There are 7 major chakras in the human body, aligning with the spinal cord, plus another 4 minor chakras in the arms. A chakra, or wheel in Sanskrit, is a rapidly-rotating disc which emits energy and a certain frequency, moving in a up-down spiralling motion rather than being fixed. These are found at the points in our body where Kundalini or cosmic energy flows, or the 7 Nadis located around the major energy centres of the body. Starting at the base of the spine and working up to the top of the head, these are:
- Muladahara – found at the root of the body, pelvic floor, coccyx, represented by the earth element, fulfilment of basic survival needs and more animal instincts such as food, water, shelter and sex;
- Svadhisthana – genital and lower abdomen area, sacral area, represented by water element, drive to go beyond basic survival to imagine and create;
- Manipura – navel, solar plexus and lumbar area of spine, represented by fire element, calm, self-actualisation;
- Anahata – behind the heart, represented by air element, compassion and spirituality;
- Visuddhu – based of throat, cervical spine and thymus, represented by ether, knowledge and understanding;
- Ajna – between eyebrows, 3rd eye, pituitary gland, spirituality and connection;
- Sahasrara – crown of the head, the brain and pineal gland, intuition.
- Some also include an 8th chakra which is what we emit as a whole person – Aura – the bioelectric field or vibrations we emit from our body. (Iyengar 2014; Tirsula Yoga, 2015)
A fully healthy, balanced human will have balance and harmony between the different chakras, with their energy – somewhat akin to Chi or lifeforce in Taoist philosophy – flowing naturally. However, blockages can occur in different chakras leading to distortions of the mind and body. Namely, our healthy functioning mind and body become affected by trapped energy in one or other parts of the body, in turn leading our mental, emotional and behavioural energy to be over-emphasised in some parts of life rather than others. In order to deeply connect with the chakras, we need to work through the 8 Limbs of Ashtanga Yoga and to overcome the 6 evils (greed, desire, anger, pride, infatuation and envy), allowing us to connect the human body with our divine self (Iyengar, 2014).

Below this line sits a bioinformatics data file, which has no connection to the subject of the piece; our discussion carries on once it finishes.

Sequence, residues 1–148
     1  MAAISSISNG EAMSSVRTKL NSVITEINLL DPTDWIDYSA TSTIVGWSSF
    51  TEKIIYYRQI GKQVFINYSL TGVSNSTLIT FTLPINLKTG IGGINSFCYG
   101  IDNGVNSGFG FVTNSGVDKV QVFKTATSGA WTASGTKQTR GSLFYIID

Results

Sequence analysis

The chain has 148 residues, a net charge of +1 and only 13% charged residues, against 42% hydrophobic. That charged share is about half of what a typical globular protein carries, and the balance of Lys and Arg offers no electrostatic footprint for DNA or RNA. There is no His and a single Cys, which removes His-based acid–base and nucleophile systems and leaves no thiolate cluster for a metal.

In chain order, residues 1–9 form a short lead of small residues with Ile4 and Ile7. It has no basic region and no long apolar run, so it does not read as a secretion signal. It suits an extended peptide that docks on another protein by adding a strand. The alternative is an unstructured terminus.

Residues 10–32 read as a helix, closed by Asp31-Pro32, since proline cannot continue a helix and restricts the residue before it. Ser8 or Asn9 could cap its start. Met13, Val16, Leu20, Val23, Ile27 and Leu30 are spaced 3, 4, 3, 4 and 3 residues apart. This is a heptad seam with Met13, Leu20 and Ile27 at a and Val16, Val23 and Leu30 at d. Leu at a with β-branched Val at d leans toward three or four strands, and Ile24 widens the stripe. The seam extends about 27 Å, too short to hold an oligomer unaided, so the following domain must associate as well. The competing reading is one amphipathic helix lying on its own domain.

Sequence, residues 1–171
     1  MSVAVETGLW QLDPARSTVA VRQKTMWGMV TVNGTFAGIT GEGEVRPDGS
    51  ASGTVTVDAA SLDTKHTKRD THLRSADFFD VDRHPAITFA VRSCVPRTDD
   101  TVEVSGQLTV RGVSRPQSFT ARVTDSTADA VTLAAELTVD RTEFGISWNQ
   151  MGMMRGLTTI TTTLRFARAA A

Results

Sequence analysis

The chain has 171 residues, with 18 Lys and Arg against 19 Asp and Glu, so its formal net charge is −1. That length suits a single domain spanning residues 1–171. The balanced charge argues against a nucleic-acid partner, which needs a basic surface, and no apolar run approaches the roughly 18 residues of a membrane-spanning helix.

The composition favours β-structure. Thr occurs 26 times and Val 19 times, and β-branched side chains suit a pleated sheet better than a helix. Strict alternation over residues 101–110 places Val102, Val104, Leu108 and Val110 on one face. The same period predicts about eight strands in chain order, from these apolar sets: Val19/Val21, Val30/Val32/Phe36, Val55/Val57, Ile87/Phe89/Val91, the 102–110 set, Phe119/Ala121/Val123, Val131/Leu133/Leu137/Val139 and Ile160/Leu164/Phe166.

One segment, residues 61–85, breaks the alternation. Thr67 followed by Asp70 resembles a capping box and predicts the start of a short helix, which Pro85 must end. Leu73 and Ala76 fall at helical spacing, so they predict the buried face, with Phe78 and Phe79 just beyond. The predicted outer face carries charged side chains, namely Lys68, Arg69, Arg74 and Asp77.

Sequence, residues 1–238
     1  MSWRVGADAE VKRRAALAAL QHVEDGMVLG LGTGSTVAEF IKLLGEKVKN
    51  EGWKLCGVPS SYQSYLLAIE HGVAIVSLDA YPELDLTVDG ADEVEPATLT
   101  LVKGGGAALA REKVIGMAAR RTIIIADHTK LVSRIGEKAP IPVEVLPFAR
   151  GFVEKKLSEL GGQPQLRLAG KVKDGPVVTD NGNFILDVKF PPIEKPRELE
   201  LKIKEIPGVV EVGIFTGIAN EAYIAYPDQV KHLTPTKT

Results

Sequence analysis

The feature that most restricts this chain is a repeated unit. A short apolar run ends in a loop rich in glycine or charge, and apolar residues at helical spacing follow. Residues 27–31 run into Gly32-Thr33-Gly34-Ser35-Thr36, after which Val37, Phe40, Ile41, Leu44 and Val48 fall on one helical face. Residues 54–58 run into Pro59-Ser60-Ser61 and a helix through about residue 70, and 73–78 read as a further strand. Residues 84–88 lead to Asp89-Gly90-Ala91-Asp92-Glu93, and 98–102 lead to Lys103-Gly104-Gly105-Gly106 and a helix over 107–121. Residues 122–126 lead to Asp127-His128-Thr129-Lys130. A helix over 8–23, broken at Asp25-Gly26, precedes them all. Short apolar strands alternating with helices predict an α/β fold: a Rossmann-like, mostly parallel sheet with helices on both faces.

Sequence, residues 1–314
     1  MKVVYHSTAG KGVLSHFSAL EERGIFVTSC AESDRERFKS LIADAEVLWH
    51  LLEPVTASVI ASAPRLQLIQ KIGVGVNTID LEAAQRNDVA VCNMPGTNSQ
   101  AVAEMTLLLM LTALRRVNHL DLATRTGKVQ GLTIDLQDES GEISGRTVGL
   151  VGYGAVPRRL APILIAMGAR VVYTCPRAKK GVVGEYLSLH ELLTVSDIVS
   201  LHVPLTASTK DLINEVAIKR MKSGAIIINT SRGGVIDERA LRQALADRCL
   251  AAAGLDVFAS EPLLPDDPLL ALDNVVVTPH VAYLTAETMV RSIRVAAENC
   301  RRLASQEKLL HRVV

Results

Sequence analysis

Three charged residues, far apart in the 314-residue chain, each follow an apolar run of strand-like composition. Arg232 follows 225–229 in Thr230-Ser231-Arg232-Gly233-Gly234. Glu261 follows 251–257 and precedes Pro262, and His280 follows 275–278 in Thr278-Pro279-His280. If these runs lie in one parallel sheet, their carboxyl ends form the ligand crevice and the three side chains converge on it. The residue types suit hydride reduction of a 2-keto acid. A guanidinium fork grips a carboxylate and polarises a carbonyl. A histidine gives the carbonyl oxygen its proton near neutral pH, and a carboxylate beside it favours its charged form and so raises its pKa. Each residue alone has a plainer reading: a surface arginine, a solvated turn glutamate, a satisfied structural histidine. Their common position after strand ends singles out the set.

With sustained practice, we can gently activate the chakras through asana practice. For example, grounding asanas such as Utkatasana (chair) tend to help activate the root chakra, Muladhara, whereas asanas such as Sirsasana (headstand) help to activate the crown chakra, Sahasrara.
Meditation, mantra chanting, pranayama and mudras (healing hand and body gestures which help to receive energy as well as set our intentions) are particularly useful to activate the chakras (Electric Energies, 2016; Rice, 2015). For example, to promote activity at the Anahata (heart) chakra, we can practice Padma Mudra (shown in the photo above), where a lotus shape mudra is made with the hands whilst using deep breathing and chanting YAM. I find this a really powerful meditation myself, though I feel I am already quite balanced in this area. The resonance of this mantra and the lotus mudra hand formation help to draw energy to the heart centre. If we are experiencing a major blockage in the Anahata, we will tend to have low spiritual connection, lack compassion towards others, and lack ability to love and understand ourselves and others. Opening this area up can, as with the other chakras, help us to flourish as fully-rounded and spiritually connected individuals.
By shifting the energy evenly between the chakras, we can heal and re-align our physical and emotional conditions, redirecting negative energies and habits towards positive ones (Singh Khalsa and Sauth, 2001).
Eclectic Energies (2016) Working with the Chakras, https://www.eclec*cenergies.com/chakras/working. Php
Iyengar, B. K. S. (2014) Yoga: The Path to Holistic Health, New York, Dk Publishing.
Singh Khalsa, D. and Stauth, C. (2001) Meditation as Medicine: Activate the Power of your Natural Healing Force, New York: Fireside.
Tirsula Yoga (2015) Tirsula Yoga Training Manual, 200 Hour Yoga Teacher Training Course, Singapore: Tirsula Yoga.
Rice, A. (2015) 7 Mudras to Unlock Your 7 Chakras, http://www.mindbodygreen.com/0-20543/7-mudras-to-unlock-your-7-chakras.html.